Does Galatians 6:10 Authorize The Church to Give to Non-Saints? Part 6

March 16th, 2003

In reply to your comments below, even in 1 Corinthians 11 the use of the word “church” and “together” does not preclude individual action because Paul states in verse 28, “but let a man examine himself.” My position is clear. The use of the singular in 1 Corinthians11:28 is within a plural context. That is each man must examine himself and therefore all men must examine themselves and therefore the church must examine herself. This is also what I hold regarding Galatians 6:1-10. The position I hold is consistent in that regard. Your position states that the word “church” or “together” must be immediately present for us to conclude that the author is speaking about corporate action. But even if I were to accept this premise, it would still be the case that Galatians is addressed to the churches and that when Paul uses the plural in that context he expects the churches to understand that he is speaking to them as the church. I do not merely say that the fact of the epistle’s address indicates this, but the combination of the epistle’s address and the plural number used to address the brethren as found in Galatians 6:1-10–these two things together (address and plural number) indicate undoubtedly that the church is being addressed in Galatians 6:1-10.

“Brethren, if a man be overtaken in a fault, ye (plural) which are spiritual, restore (plural) such an one in the spirit of meekness; considering thyself, lest thou also be tempted.”

“Brethren” is plural. “Ye” is plural. The verb “Restore” is plural. The church has the obligation to restore the lost to its fellowship.

“Bear ye one another’s burdens, and so fulfill the law of Christ.”

The verb “bear” is plural. The phrase “one another” is plural. The verb “fulfill” is plural. The church has the obligation to bear one another’s burdens. The church has the obligation to fulfill the law of Christ. According to the saints-only position, the church cannot fulfill the law of Christ only individuals can do this.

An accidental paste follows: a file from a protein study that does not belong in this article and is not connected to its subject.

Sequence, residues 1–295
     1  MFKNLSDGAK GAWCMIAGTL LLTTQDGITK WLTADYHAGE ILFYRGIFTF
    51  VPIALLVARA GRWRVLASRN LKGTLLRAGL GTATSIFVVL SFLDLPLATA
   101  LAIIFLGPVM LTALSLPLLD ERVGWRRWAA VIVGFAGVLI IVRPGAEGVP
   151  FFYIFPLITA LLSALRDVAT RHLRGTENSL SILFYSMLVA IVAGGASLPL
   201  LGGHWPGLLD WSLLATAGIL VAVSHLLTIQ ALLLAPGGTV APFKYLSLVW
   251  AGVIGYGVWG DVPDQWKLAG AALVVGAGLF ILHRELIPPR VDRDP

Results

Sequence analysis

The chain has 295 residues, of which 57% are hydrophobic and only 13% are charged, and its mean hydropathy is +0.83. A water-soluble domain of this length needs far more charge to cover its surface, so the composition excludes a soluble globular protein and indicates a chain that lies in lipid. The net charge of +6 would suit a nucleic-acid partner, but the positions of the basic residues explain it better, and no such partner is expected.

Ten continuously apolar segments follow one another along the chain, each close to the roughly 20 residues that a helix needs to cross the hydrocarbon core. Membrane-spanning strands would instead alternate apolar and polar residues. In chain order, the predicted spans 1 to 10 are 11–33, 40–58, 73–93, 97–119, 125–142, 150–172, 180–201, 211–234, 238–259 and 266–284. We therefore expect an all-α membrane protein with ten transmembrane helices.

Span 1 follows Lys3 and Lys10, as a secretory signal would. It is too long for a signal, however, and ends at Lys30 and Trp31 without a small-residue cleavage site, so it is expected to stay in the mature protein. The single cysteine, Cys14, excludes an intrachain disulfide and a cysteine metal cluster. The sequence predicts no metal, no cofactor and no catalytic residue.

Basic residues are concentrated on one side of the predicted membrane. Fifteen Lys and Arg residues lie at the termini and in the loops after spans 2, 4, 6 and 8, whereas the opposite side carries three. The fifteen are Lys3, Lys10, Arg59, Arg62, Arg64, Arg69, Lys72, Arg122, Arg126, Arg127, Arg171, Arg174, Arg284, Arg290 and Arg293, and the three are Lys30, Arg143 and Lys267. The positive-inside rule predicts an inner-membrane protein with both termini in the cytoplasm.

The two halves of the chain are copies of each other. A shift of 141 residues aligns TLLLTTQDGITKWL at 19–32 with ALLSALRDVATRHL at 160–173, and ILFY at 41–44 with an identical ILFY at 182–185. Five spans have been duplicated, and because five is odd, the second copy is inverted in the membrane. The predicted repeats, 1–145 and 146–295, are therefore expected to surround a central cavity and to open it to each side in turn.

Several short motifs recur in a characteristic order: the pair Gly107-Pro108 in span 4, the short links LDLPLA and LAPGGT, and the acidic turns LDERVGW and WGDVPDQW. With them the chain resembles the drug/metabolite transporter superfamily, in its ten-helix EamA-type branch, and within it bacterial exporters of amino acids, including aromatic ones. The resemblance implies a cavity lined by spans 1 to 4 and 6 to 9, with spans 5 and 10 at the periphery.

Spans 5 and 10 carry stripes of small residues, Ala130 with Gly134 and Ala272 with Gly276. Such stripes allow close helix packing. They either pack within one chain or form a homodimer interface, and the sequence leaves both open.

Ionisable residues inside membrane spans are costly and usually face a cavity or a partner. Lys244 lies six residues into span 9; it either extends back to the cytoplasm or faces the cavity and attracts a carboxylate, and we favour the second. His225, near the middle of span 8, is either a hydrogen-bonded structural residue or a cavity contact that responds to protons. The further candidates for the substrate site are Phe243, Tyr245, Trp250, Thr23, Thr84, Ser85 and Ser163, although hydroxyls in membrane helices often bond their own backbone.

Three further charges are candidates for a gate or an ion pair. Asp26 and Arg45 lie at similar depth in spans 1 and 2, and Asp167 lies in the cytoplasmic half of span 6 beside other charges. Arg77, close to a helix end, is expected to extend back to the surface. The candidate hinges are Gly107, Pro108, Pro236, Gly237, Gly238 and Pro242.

“But let him that is taught in the word communicate unto him that teacheth in all good things.”

While this is speaking to individuals, it generally takes more than one individual to support a preacher full time. Paul expected all of them together to work to accomplish this and that is a work of the church.

“And let us not be weary in well-doing: for in due season we shall reap, if we faint not.”

“Us” is plural. “Be weary” is a plural verb. “We” is plural. “Reap” is a plural verb. “We” is plural. “Faint” is a plural verb. The church must not be weary. The church will reap if the church does not faint. If any individual is saved it will be because he is a member of the church of Christ. The church are the only saved and will be the only saved. God will save the church and only the church on the day of judgment. This is not to imply that some individuals who are apostate members of the church will not be lost; but to say that only those who are members of the church will be saved and in that sense, God will save only the church. So the church will reap salvation if it does not faint. Compare Ephesians 5:23-25.

“So then, as we have opportunity, let us work that which is good toward all men, and especially toward them that are of the household of the faith.”

“We” is plural. The verb “have” is plural. “Us” is plural. The verb “work” is plural. As the church has opportunity, the church must do that which is good toward all men.

I just don’t understand what would make it more clear that Paul expects the churches to deal with these problems. Are you saying that every time an inspired writer addresses church action that he must use the word “together” in order for it to be church action? Must he use the word “church?” What are the standards that you use to determine when a context is speaking regarding church action and when it is speaking regarding individual action?

When you add on top of these things the fact that the epistle is specifically addressed not to the church, but to the churches (plural) of Galatia, what should the conclusion be? That Paul did not expect the churches to do anything about these problems? “I know that you wrote to the churches, Paul, but it just is not clear that you expected us to take any action, so the church decided that as a church we cannot do anything about these Judaizing teachers!” Such a suggestion is preposterous. I am not trying to ridicule you personally, but the position of saints-only reduces to this absurd conclusion. What action (if any) did Paul expect the church to take in regard to these Judaizing teachers? The bottom line is that the position of saints-only reduces the book of Galatians to the absurdity that Paul wrote the book to the churches, but did not expect the churches to do anything about the problems of which he wrote. And that is a conclusion which I simply cannot accept because it reduces the Holy Spirit to an author of confusion.

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